the scriptures ? This is not to have the mind of Christ, but the mind of other men in us. sons may be materially right, but they are formally wrong. The principles they hold may be true, but they are not to them “the mind of Christ,” They have “received for doctrines the commandments of men.”

In opposition to both these classes, he who “lets the mind be in him which also was in Christ Jesus," endeavours to discover the true meaning of the Holy Scriptures, that he may thus know the mind of Christ; and, having discovered it, he cheerfully acquiesces in it, however inconsistent with his preconceived opi

Such per

nions, the probabilities of reason, or the authority of the wise and learned. He sits down at the feet of Jesus, and learns the law at his mouth. He is disposed to say, with a truly great man, “Propose me any thing out of this book, and require whether I believe or no, and seem it never so incomprehensible to human reason, I will subscribe it with hand and heart, as knowing no demonstration to be stronger than this, God hath said so, therefore it is true *."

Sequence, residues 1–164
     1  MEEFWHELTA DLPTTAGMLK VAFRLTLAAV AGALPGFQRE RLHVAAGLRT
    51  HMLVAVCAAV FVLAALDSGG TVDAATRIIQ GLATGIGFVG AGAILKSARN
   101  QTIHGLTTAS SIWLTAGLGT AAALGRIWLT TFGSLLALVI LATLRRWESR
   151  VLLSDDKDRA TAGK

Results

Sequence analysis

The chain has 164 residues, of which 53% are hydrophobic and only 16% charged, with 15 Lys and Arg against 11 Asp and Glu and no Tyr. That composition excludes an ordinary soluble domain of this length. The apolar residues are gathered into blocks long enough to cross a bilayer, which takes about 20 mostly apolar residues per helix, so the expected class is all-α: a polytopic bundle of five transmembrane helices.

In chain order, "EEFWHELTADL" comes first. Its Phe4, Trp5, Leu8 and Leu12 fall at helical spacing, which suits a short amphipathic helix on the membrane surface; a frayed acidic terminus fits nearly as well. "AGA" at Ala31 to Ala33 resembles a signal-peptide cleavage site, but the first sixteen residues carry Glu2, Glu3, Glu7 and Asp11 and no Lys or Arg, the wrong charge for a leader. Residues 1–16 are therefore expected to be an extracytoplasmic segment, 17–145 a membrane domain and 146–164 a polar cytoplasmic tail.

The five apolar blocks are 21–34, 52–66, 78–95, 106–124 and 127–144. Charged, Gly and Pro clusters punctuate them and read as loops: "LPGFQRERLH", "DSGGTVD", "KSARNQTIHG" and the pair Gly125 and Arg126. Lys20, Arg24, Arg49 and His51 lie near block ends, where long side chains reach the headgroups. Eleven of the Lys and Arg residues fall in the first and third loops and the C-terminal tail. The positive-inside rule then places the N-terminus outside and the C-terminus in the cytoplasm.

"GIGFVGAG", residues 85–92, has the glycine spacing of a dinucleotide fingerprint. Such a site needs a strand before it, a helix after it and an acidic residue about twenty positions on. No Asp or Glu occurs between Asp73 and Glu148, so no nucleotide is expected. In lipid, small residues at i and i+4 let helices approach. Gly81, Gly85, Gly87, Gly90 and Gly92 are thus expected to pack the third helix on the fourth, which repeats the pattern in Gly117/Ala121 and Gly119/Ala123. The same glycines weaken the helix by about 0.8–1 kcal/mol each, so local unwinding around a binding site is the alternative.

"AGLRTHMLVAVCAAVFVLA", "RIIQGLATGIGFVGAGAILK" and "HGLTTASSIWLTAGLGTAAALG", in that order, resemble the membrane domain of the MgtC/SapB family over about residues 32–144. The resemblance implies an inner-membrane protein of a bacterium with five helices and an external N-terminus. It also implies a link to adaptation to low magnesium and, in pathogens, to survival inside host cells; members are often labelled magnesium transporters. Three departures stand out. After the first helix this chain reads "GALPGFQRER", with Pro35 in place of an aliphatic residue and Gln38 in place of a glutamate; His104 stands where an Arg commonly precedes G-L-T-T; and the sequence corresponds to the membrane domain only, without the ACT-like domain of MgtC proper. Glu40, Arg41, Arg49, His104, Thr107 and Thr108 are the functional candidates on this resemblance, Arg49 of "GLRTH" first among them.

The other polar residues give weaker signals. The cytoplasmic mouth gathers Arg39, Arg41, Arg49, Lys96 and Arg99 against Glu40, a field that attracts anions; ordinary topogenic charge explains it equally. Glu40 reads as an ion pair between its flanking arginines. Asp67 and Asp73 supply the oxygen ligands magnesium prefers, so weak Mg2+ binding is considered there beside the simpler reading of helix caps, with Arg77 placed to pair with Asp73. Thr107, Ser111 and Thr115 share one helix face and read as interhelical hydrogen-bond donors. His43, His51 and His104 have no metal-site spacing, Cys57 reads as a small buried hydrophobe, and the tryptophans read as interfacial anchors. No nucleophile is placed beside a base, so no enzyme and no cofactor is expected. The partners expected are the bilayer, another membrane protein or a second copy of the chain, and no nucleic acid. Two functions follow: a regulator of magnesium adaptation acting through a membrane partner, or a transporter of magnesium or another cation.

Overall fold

In order to our minds being thus moulded into the form of Christian doctrine, it is necessary that we seek that faculty of spiritual apprehension, without which the mind of Christ cannot be discerned ;-that we cultivate a serious and humble temper of mind ; that we peruse the scriptures attentively, believingly, and devoutly ;--that we improve all the means in our power, for discovering the true meaning of the Holy Scriptures ;-that we earnestly seek, and confidently expect, the continued influence of the Holy Spirit ; and that we conscientiously apply the knowledge obtained to the regulation of our tempers and conduct t.